Marital Assets Division in Divorce

Marital Assets Division in Divorce

Often marital assets division in a divorce is straightforward.  Acquisition of assets during a marriage, unless acquired through gift or inheritance, is treated as marital property, regardless of who worked or who didn’t.  In divorce, gifts and inheritance  may be separated and given to only one spouse who initially received the asset.  These are known as being non-marital, even though they may have been acquired during the marriage.  But there are some things that must be first established.  The Court must be able to clearly identify the non-marital assets from the marital assets.  This can be difficult where the assets were commingled with other marital assets, making them no longer distinctively separate.

Example of commingling assets

Here’s a real clear example of how commingling can cost an individual the loss of non-marital property.  Spouse “X” receives an inheritance from a deceased parent of $50,000.  Spouse “X” places this $50,000 in a joint marital account (Spouse “X” and “Y”) where there was $3,000.  Three years later a divorce proceeding starts.  At that time, there remains in the joint account $9,000.  During the three years, the parties buy a $30,000 truck and a $10,000 boat.  One might guess that Spouse “X” could claim the truck and boat as theirs because it was ‘obviously’ purchased with their inheritance.  This isn’t necessarily a given.  That’s because during the three years “Y” earned over $200,000 in wages and “X” earned nearly $150,000, both placing their earnings in the joint account.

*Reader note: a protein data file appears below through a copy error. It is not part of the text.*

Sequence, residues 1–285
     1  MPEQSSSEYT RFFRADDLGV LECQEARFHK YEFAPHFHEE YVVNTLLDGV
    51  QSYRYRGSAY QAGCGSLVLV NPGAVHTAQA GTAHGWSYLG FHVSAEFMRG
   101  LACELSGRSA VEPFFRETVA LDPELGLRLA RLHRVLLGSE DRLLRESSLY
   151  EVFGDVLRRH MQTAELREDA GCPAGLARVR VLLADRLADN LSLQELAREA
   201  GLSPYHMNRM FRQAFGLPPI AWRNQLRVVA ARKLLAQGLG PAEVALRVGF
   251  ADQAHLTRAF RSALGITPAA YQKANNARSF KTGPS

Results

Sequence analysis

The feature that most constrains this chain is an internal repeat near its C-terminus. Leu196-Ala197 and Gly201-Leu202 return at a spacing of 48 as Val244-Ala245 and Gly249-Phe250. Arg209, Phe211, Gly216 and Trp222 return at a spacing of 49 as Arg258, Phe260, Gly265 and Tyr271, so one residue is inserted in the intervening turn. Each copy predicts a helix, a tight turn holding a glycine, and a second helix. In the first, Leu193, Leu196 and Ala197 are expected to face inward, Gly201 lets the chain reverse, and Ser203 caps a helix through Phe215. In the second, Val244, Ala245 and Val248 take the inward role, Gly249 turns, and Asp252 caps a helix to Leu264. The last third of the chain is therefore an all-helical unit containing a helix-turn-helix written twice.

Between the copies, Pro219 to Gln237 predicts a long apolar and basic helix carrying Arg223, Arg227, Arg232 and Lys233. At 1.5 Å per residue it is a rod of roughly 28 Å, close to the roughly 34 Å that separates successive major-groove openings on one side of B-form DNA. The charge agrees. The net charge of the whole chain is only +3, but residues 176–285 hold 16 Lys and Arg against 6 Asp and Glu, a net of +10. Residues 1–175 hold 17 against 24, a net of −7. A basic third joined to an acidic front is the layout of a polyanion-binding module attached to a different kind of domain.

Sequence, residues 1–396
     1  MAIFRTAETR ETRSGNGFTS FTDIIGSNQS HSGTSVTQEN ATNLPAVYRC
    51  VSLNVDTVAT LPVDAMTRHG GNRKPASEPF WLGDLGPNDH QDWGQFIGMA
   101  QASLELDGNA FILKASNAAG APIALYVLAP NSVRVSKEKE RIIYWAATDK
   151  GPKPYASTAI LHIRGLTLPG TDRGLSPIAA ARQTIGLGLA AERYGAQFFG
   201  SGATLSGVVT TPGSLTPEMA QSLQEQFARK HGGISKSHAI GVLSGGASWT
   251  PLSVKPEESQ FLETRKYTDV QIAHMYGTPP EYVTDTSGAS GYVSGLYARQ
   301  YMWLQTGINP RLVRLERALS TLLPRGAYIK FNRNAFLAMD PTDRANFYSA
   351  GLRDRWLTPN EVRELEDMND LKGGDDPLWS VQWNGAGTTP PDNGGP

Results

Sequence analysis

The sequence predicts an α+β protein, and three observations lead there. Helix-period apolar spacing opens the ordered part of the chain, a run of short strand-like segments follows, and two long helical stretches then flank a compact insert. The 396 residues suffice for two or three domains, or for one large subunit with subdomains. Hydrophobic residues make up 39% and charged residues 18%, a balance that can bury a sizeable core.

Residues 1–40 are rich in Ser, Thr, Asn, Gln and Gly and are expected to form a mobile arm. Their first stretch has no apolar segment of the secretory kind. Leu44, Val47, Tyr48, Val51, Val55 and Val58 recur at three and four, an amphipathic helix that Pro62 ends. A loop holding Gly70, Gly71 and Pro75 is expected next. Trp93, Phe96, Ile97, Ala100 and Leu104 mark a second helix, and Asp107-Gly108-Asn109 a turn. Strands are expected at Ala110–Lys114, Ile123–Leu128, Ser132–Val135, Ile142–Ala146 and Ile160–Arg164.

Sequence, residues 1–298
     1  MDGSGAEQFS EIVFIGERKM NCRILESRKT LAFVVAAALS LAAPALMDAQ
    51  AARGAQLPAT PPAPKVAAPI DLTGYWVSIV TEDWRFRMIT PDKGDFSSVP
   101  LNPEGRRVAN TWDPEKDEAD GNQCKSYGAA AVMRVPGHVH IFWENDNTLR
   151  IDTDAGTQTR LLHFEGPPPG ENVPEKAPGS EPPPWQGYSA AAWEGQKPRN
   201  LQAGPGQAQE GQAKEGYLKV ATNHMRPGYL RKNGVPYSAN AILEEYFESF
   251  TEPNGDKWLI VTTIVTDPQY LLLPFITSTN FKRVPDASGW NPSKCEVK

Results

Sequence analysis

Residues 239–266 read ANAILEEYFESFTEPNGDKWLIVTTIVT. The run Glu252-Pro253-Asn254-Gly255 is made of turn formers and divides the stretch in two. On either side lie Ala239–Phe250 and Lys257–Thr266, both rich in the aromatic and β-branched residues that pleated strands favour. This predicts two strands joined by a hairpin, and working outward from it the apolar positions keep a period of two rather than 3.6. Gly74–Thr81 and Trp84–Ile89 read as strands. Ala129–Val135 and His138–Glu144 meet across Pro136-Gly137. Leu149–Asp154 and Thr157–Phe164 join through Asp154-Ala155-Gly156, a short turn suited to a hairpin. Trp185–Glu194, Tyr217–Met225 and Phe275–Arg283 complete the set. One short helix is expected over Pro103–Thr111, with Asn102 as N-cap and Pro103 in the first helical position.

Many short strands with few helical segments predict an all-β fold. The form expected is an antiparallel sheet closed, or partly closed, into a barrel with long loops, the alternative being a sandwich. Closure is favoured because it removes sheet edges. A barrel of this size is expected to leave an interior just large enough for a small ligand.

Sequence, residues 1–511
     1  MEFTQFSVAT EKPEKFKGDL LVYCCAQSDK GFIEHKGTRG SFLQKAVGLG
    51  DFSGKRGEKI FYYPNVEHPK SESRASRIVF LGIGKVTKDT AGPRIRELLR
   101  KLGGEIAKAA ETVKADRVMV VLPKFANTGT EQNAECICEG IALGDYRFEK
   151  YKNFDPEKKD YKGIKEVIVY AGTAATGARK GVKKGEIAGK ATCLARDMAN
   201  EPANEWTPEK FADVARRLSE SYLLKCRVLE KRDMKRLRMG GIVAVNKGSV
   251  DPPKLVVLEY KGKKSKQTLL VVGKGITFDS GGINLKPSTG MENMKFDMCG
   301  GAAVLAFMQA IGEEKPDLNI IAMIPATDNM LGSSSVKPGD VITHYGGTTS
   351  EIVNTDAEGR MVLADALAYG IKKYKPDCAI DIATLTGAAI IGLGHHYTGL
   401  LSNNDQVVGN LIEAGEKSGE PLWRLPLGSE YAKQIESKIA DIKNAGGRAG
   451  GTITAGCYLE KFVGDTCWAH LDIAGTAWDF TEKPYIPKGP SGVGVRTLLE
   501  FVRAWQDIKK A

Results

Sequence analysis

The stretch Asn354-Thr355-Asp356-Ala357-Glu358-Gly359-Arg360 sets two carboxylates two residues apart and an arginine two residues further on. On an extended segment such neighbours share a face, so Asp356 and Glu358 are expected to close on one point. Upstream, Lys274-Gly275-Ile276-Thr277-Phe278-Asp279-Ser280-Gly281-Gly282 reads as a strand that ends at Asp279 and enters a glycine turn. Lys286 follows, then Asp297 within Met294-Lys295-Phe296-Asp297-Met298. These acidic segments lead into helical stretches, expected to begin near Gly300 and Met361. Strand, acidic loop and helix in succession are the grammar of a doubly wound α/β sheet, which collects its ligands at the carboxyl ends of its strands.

The inheritance was commingled with marital assets making it pretty near impossible for the court to trace the purchased assets to the inheritance.  Now, if the purchases happened very shortly after the inheritance deposit to the joint account, and there had been only $3,000, then, perhaps, the argument may easier to win that the purchases are non-marital.  Still, you’ll want zealous legal counsel to assert your rights.

Pre-marital assets

Another exception to marital assets can be where one party used pre-marital money to purchase the family home.  Perhaps one spouse solely made the deposit on the home. In these cases, Minnesota uses a specific formula, based on an actual case– Schmitz v. Schmitz, 309 N.W.2d 748, Minn. Ct. App. 1981.  The Schmitz formula calculates non-marital property based on the percentage one party contributed toward the purchase and then proportionally using the percentage on any home price appreciation, or depreciation, to arrive at a non-marital amount.  Importantly, the appreciation of a home does not count in for the calculation home improvements.

If you have questions on non-marital claims in a pending divorce, call our office today at (218) 722-5809 or contact us through our website.


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